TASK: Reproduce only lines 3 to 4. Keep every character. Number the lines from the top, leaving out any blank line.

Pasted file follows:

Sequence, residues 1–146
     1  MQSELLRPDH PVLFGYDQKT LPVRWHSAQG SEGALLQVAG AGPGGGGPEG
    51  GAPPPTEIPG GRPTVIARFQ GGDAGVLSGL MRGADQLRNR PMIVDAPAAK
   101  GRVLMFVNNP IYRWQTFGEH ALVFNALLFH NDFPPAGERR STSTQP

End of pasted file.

    51  GAPPPTEIPG GRPTVIARFQ GGDAGVLSGL MRGADQLRNR PMIVDAPAAK
   101  GRVLMFVNNP IYRWQTFGEH ALVFNALLFH NDFPPAGERR STSTQP